However, these references will be repeated again, now much louder than before. Rallies will be arranged, flags and effigies will be burnt for the umpteenth time. It is evident, for those convinced that the country is being run by foreign powers, that this case is a prime example.

Incidents such as these make a very clear statement; there is a lot of bottled-up anger, concerns and insecurity amongst the masses – concerns which are cashed by religious and political parties to garner support. But what about justice? What about the real issue amid all the political rhetoric and anti-American sentiments?

If we allow ourselves to look past the fury, we may be able to make demands that will resolve issues rather than create complexities. By not allowing this case to be politicized for personal agendas, we can push for  a campaign that focuses more on getting justice- minus rhetorics. Rather than fuming at American policies let’s focus on demanding our Government to uphold the rule of law.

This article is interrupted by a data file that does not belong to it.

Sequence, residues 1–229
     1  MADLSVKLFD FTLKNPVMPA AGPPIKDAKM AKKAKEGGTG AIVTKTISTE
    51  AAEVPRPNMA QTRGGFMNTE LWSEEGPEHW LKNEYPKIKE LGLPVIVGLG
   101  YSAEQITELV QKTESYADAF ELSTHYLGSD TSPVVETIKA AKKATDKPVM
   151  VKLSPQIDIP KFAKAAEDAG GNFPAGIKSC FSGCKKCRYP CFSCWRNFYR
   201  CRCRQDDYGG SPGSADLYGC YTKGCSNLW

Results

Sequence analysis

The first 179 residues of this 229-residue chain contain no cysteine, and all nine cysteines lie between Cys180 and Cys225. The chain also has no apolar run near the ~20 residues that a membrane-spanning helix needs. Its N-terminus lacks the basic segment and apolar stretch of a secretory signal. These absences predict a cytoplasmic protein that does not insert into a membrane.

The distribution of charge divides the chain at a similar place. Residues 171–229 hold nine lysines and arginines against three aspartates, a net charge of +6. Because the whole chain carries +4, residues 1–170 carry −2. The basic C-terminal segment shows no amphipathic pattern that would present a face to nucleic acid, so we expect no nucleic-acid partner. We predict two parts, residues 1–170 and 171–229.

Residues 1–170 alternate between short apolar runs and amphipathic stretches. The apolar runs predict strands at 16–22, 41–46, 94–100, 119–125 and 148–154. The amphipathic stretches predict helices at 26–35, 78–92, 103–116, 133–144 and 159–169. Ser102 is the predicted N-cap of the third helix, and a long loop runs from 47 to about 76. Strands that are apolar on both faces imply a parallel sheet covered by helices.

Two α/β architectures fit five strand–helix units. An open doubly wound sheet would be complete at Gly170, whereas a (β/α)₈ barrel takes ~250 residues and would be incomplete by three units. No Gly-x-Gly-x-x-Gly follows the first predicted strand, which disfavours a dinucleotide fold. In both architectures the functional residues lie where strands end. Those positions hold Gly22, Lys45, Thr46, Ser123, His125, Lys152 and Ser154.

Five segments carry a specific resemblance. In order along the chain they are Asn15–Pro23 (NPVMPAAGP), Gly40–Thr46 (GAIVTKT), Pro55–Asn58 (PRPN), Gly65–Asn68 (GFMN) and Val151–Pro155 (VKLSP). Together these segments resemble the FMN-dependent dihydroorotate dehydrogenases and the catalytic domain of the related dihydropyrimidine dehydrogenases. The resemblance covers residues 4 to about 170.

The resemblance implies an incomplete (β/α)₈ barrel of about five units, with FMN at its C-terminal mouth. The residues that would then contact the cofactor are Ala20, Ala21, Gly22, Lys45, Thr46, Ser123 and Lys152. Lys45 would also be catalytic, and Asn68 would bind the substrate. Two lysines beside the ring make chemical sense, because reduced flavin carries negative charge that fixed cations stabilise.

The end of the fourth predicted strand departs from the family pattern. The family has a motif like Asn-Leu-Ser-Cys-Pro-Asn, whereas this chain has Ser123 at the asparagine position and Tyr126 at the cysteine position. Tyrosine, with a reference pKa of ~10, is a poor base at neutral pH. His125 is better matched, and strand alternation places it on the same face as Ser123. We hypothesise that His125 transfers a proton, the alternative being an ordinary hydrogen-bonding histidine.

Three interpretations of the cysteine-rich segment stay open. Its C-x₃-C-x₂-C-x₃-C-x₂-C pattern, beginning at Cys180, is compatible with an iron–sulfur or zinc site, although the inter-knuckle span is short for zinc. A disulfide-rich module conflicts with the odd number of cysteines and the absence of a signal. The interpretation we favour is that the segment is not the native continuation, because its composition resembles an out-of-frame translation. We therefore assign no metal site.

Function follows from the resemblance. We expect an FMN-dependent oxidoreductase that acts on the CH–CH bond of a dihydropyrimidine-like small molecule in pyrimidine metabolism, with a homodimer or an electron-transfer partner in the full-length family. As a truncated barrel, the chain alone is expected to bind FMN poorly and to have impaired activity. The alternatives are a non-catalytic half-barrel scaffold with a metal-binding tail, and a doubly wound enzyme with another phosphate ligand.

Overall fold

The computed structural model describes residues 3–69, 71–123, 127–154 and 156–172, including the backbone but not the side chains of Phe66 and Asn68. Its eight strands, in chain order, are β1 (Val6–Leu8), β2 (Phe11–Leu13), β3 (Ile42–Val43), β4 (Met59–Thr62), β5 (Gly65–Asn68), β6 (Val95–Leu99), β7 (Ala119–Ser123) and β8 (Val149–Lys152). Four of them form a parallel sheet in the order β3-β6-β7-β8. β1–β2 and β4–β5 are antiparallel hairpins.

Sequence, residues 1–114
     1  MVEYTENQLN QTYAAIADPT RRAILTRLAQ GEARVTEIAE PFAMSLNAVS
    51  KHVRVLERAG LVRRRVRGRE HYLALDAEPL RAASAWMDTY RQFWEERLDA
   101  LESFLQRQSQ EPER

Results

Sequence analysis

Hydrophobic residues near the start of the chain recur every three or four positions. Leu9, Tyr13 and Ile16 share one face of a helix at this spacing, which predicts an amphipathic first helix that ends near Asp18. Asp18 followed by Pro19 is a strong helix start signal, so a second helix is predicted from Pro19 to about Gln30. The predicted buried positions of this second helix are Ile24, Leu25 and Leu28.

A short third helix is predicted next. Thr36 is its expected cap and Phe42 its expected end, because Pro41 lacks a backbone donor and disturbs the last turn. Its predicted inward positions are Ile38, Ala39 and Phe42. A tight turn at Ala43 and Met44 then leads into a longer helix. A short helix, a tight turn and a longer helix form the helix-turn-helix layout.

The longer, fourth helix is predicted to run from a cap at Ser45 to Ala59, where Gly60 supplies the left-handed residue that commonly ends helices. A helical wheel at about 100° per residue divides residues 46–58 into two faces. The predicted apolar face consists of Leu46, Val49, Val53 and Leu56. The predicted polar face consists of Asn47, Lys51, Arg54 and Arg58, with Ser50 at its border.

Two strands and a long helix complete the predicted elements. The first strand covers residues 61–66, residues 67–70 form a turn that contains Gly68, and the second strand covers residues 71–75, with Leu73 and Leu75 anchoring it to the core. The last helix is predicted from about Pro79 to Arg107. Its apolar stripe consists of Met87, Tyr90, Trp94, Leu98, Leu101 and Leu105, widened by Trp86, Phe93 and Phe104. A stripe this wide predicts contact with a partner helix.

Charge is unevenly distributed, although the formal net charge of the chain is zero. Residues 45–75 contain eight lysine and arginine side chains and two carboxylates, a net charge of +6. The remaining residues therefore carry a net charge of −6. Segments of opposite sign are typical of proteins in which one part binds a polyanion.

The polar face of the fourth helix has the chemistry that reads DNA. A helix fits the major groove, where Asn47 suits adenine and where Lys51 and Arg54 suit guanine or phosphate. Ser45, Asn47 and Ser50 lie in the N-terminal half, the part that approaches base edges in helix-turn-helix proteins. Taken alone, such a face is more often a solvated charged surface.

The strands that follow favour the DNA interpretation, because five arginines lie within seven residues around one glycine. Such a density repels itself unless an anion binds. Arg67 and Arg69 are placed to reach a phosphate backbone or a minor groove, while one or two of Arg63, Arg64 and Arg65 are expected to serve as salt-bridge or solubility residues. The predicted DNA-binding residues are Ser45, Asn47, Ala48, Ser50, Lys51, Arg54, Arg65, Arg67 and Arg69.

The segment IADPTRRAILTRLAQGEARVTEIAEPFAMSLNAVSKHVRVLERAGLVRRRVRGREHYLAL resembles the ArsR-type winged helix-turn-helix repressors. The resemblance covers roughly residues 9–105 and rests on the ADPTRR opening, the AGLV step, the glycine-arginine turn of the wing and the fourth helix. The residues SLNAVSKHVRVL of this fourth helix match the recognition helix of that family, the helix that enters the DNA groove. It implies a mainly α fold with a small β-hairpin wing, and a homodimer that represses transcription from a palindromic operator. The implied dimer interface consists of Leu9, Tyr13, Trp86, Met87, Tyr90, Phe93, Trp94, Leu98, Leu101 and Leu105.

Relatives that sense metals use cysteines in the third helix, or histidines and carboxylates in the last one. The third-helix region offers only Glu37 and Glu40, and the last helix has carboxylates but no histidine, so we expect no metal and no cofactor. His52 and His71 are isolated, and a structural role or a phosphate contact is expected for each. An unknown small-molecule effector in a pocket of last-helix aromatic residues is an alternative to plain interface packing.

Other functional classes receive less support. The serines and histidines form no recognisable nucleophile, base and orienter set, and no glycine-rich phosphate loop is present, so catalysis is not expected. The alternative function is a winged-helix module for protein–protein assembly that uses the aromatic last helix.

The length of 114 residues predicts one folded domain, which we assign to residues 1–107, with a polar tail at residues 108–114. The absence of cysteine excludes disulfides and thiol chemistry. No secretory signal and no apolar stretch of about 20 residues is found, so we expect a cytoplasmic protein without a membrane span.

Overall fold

Somewhere in Lahore another widow is slowly losing hope for justice. Her name is Aamna Taseer.  Her case too, has fallen prey to political maneuvering. Shifting focus from the crime to political hogwash and growing extremism.

The sole reason for the comparison is to reflect how politicising certain incidents not only changes our perspective but also diverts attention from the core issue – the crime itself. In recent days, I have been asked whether I would speak up against the killings in Lahore just as vocally as I did against Salman Taseer’s assassination.